This Week In Montana

This week we're in Montana for The Science and Conservation Center Conference in Billings. Back in August of 2012, Dr. Jay Kirkpatrick, Ph.D. and The Science and Conservation Center hosted an international wildlife fertility conference in Jackson Hole. While I have many treasured memories of Jay and our conversations, a favorite was when he "strongly suggested" I attend this 2012 conference because there would be good people for me to meet, and to share the work I was doing in Idaho with Wild Love Preserve. I said yes, but when I found it an uphill challenge to raise the necessary funding for travel expenses and accommodations, I had to finally call Jay to let him know it didn't look good. His response was classic, "Well, Andrea, I will understand, but I will be very, very disappointed if you don't make it." To that I replied, "Okay, I'll get it figured out." Thanks to a grant from Pearl Jam Vitalogy Foundation I was able to attend, and of course, Jay was right, I did meet many interesting people, and a few that have become trusted friends.
This time around I've been invited to give a presentation about the work of Wild Love Preserve at The Science and Conservation Center Conference, and while Jay Kirkpatrick has walked on, and will be deeply missed, without doubt he will be ever-present. Excerpts from the outline of this talk are below.
The focus of Wild Love Preserve’s wild horse project in bringing all stakeholders together to work collaboratively with the Challis and Idaho BLM, is unique and imaginative and potentially opens the door to an entirely new paradigm for managing western wild horses. This model may change a great deal and we here at The Science and Conservation Center are excited about partnering with WLP in this effort. -Jay F. Kirkpatrick, Ph.D., 2013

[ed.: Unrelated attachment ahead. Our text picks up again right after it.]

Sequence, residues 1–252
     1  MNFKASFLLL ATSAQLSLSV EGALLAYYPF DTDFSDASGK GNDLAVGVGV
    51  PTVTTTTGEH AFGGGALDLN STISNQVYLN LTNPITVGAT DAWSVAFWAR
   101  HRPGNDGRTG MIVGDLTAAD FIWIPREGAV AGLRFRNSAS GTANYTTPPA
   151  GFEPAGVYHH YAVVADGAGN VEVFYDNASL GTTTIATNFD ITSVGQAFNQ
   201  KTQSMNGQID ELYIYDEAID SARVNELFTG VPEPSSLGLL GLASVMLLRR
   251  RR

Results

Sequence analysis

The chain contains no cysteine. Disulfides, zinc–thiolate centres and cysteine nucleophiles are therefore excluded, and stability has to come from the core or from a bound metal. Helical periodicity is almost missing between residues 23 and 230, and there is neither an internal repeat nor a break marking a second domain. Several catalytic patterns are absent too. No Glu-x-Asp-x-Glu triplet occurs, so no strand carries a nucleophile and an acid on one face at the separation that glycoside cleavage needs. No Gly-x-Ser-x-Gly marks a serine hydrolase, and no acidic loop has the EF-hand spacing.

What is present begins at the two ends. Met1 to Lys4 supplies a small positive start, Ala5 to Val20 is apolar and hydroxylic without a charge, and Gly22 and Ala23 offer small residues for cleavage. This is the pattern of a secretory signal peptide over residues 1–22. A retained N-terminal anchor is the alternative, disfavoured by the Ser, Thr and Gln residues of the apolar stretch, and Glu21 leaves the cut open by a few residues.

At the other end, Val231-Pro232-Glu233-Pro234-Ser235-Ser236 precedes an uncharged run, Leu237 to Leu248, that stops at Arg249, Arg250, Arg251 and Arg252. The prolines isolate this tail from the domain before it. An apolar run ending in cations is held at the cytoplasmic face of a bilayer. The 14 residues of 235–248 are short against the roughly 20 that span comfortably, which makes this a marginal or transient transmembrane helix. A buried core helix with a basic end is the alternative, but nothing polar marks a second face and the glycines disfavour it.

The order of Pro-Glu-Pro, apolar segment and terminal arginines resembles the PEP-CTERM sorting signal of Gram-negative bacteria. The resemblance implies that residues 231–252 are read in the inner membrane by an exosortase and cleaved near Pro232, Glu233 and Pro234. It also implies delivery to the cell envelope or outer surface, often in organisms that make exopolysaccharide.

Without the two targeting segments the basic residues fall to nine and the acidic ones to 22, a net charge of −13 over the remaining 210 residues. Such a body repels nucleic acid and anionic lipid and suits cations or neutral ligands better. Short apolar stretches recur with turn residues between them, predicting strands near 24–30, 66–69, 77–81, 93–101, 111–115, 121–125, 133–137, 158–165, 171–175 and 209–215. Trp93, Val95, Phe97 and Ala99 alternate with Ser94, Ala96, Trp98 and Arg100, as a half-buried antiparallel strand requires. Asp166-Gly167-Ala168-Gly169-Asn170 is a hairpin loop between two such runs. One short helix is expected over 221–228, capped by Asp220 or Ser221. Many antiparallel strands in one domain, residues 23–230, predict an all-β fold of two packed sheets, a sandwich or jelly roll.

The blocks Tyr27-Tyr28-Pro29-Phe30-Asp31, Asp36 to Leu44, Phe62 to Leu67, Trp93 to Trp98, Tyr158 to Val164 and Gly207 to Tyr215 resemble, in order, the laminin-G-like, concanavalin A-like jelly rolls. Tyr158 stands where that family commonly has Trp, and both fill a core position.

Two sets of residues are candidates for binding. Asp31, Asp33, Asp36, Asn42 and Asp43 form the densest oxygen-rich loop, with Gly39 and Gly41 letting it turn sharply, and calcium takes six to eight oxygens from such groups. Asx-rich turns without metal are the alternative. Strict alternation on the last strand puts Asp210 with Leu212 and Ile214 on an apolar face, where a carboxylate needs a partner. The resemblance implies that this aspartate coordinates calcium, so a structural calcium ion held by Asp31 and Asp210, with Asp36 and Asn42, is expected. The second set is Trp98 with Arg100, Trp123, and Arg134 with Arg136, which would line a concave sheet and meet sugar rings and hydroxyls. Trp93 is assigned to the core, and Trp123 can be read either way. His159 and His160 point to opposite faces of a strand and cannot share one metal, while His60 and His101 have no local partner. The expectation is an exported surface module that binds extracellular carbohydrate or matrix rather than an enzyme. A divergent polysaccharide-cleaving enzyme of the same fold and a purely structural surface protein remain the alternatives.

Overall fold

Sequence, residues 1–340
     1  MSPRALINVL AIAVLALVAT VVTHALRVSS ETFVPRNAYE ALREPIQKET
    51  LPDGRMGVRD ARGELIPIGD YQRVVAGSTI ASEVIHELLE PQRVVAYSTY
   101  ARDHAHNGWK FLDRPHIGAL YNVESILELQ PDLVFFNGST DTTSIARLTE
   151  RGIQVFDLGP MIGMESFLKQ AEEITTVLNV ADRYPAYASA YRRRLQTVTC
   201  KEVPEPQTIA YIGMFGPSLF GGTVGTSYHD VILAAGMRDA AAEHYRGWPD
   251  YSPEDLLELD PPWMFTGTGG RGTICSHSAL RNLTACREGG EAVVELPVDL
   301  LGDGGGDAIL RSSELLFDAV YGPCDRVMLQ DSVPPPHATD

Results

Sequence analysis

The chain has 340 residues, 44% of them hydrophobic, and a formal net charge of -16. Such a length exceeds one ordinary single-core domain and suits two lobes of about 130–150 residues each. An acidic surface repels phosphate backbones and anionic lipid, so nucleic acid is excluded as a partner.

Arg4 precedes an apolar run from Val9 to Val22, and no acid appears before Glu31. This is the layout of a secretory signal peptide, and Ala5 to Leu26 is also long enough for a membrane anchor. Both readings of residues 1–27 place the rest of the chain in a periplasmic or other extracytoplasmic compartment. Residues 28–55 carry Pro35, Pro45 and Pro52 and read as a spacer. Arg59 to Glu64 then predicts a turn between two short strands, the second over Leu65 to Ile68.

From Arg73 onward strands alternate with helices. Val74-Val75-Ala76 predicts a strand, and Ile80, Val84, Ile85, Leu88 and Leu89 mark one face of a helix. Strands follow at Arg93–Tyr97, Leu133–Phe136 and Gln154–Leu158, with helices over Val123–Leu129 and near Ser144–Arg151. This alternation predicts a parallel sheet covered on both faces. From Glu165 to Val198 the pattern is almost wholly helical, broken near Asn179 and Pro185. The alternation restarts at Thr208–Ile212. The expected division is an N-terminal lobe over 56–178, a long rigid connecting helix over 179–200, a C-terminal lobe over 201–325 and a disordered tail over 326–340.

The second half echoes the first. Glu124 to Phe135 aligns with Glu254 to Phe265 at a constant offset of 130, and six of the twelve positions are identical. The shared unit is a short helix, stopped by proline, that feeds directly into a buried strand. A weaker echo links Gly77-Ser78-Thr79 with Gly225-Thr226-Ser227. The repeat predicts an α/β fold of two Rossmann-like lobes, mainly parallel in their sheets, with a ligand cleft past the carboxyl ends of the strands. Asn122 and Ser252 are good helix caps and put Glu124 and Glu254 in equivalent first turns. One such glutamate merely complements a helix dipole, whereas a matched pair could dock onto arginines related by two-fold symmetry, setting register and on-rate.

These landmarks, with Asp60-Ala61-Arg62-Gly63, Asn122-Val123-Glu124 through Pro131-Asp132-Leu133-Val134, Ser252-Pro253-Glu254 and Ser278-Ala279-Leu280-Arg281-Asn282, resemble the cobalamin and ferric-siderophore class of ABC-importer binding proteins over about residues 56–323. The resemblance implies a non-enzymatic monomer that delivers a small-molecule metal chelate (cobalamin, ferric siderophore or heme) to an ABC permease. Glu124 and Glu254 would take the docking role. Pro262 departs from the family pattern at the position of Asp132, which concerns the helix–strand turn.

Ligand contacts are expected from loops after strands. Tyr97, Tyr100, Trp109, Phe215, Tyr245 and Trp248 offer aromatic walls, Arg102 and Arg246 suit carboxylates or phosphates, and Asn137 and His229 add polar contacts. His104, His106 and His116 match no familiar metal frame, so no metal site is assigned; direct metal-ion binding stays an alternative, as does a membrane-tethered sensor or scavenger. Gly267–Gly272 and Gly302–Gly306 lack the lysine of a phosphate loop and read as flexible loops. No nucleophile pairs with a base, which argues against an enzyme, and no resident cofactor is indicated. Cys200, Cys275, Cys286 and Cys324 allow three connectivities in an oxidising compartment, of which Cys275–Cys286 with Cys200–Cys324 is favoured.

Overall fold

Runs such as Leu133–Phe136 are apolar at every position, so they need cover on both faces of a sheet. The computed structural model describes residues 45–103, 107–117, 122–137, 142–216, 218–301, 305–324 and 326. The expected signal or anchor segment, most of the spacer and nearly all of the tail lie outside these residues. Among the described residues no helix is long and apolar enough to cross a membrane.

Wild Love Preserve + Stakeholders

Andrea Maki will talk about the work of Wild Love Preserve and pioneering a multi-faceted model in wild horse conservation on home turf through conflict resolution and in conjunction with Native PZP as an integral tool.
"Our core tenet has been the belief that to solve the man-made wild horse crisis we must solve this human relations crisis, and that solutions exist by way of collaboration and creating vested interests that turn regional wild horses into assets for local communities and states. Our inclusive approach has brought together the BLM, cattle ranchers, environmentalists, wildlife biologists, wild horse advocates, youth employment groups, and community to create a viable and supported solution to existing BLM helicopter roundups and removals of wild horses from public lands to out-of-state longterm holding facilities, and other end-results.”
“2019 marks the sixth year of our humane and collaborative Native PZP fertility management program which has proven successful in slowing population growth with free-roaming wild horses on the Challis HMA darting with the BLM on the range, and with Wild Love’s adopted wild horses. By design, Wild Love’s adopted Idaho wild horses also serve as our control herd because management on our private preserve mirrors our collaborative work on public lands. Native PZP has enabled us to keep our numbers at roughly 136 over the last six years, and we’ve witnessed firsthand that it does not result in adverse behavioral issues, does not impact band or herd dynamics, has not altered the natural breeding season, does not negatively impact the fetus or cause birth defects if a pregnant wild mare is darted, and we have healthy babies born to our wild mares ensuring genetic viability."

Read full description of this Talk here: